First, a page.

What If Surgery Still Leaves Me Permanently Impaired?

Thankfully, Washington, D.C. has specific workers’ compensation laws that apply to permanent injuries. Suppose your work injury permanently affects your arms, legs, hands, or feet, but you can still work in your regular job. In that case, you may be able to get additional benefits even after you return to work, depending on the severity of the injury. These are “permanent partial disability” benefits.

In addition, if your injury is to your neck or shoulder and causes permanent symptoms in one or both arms (or, for example, if a back injury causes symptoms in your legs), these permanent benefits might also be available for your workers’ compensation claim.

Many factors go into whether you can get these additional benefits for a work-related injury.

Pain

Pain is perhaps the most common reason workers end up with permanent injuries. Even if medication controls the pain, discomfort is certainly a factor in determining permanent impairment.

Loss of Endurance

After surgery, you may not be able to work as long or as hard as you once could. This lack of endurance can lead to decreased earnings in the future, so it is also a factor to consider in determining permanent impairment.

Weakness

Sometimes surgeries can lead to weakness or instability in or around the affected areas of the body. When your body is weak, you may not be able to withstand the same type of work that you were used to doing before your work accident.

Atrophy

Atrophy is the progressive physical deterioration of a body part or tissue. In most cases, it arises from non-use or limited use of muscles. For example, if you have shoulder surgery, you might be unable to move your arm for some time after the surgery. That non-use can lead to atrophy over time, which causes weakness, discomfort, and sometimes a loss of mobility.

Loss of Function

Decreased function and mobility are huge factors in determining permanent disability. Ultimately, workers’ compensation law is designed to help you get back to work, which may not happen if you lose function in certain body parts.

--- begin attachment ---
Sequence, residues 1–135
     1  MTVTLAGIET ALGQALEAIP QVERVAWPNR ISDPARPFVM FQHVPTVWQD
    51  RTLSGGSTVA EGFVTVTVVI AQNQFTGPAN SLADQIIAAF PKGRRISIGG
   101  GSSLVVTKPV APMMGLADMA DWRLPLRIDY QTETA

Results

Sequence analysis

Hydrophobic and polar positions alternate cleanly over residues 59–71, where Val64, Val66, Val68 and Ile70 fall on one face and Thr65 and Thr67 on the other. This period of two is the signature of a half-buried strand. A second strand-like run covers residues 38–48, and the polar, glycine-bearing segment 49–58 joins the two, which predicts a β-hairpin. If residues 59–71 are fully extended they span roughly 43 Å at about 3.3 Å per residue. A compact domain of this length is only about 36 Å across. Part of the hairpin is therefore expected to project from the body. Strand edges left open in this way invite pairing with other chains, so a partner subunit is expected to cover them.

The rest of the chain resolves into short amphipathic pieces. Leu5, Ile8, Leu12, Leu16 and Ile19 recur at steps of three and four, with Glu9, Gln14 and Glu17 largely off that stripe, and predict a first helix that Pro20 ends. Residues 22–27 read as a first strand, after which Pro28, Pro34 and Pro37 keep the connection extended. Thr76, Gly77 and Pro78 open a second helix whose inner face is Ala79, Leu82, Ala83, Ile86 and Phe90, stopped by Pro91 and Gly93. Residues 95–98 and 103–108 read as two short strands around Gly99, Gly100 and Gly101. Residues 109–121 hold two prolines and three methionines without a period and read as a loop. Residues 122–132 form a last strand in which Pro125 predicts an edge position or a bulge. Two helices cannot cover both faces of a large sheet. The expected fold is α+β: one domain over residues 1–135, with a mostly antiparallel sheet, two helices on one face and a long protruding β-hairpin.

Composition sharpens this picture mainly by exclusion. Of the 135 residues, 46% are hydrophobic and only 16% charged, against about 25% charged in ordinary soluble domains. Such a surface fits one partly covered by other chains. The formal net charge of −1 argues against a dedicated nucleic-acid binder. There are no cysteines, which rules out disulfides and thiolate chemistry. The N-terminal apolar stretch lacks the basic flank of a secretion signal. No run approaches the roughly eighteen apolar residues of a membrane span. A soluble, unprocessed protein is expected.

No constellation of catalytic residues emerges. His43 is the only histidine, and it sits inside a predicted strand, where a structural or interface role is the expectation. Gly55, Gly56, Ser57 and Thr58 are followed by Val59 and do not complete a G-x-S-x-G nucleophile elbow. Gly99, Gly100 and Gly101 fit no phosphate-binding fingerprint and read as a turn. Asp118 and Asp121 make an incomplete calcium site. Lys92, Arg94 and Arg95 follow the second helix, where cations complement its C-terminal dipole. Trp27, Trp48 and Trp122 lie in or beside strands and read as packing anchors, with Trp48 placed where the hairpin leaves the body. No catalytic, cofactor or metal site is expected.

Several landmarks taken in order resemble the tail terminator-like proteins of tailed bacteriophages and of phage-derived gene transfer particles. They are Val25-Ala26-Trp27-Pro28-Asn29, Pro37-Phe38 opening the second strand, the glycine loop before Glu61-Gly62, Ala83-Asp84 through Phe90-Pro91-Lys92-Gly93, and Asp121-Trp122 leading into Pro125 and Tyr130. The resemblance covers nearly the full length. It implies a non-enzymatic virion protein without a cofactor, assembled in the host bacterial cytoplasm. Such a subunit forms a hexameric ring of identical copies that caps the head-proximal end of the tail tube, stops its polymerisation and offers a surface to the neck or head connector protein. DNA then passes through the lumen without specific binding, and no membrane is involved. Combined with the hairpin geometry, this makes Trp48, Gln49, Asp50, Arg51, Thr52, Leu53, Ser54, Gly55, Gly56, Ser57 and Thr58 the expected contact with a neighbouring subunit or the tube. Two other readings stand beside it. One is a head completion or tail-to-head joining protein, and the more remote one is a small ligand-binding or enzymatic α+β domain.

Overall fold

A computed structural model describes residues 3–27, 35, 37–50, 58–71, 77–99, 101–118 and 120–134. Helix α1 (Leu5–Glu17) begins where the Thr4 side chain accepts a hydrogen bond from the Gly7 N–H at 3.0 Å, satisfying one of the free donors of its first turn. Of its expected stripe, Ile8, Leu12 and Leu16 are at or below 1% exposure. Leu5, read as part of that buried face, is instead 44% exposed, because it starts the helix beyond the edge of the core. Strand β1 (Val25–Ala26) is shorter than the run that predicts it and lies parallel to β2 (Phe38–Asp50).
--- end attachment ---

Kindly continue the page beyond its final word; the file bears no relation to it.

Only qualified medical professionals can determine the extent of your permanent impairment, and our D.C. workers comp team can identify several great local physicians who can determine this for you. However, this evaluation should not happen until after you are released back to work or have received all of your other benefits. If you cannot return to work after surgery, you should still receive temporary total or permanent total disability benefits.

What Happens If Your Employer Decides Not to Pay for Your Surgery?

Surgery is often only recommended after all other more conservative treatments have failed or have not provided enough relief for you. Remember that a physician must have recommended surgery for workers’ compensation benefits to apply to surgery. That means that if the insurance adjuster declines to pay for the surgery, the insurance carrier is ignoring your doctor’s recommendations.

If the workers’ compensation insurance company refuses to approve a surgery, you can request a hearing and ask the judge to award the surgery. This is a complicated and time-consuming process, so if your doctor has recommended surgery, but the insurance adjuster denied it, you should not delay in getting a workers’ comp lawyer involved.

When is a D.C. Workers’ Compensation Settlement Finalized?

Unlike personal injury cases, every workers’ comp settlement in Washington, D.C., has to be approved by the D.C. Office of Workers’ Compensation (OWC). They require this approval process to ensure that employees are protected and get a reasonable settlement offer for their work injuries. However, your workers’ compensation attorney works to help you get all of the compensation you deserve — not just evaluate whether your settlement is reasonable.

Once you reach an agreement with the workers’ comp insurance carrier, the settlement agreement has to be reduced to writing as part of a Settlement Petition. Your attorney will then file that petition with the OWC, and the OWC will review and approve it. All settlements are final once they are approved. After approval, the insurance company will pay out a lump sum settlement within 14 days.

Why Do I Need a Workers’ Comp Attorney?

A workers’ compensation attorney strives to prevent insurance companies from taking advantage of people hurt at work and violating your rights under workers’ comp law in D.C. — rights most people don’t even know they have (and no, the insurance company won’t tell you your rights — they’re working against you). The experienced workers’ comp attorneys at Donahoe Kearney know how to handle insurance companies in addition to all of the laws surrounding workers’ comp. Just as we have done for hundreds of other clients, we will work diligently to secure your rightful compensation.

Are You Concerned That Needing Surgery Will Affect Your Workers’ Comp Claim?

The team at Donahoe Kearney can help you navigate having surgery as part of your workers’ comp case. Don’t worry about dealing with insurance companies. Our law firm will handle this for you and help you assert your rights if the insurance adjuster refuses to pay for your surgery. Learn more about our free consultation strategy session and get tailored legal advice for your situation by calling (202) 393-3320.

by Frank R. Kearney, Attorney-at-Law

Experienced DC Workers’ Comp, Long Term Disability & Accident Lawyer,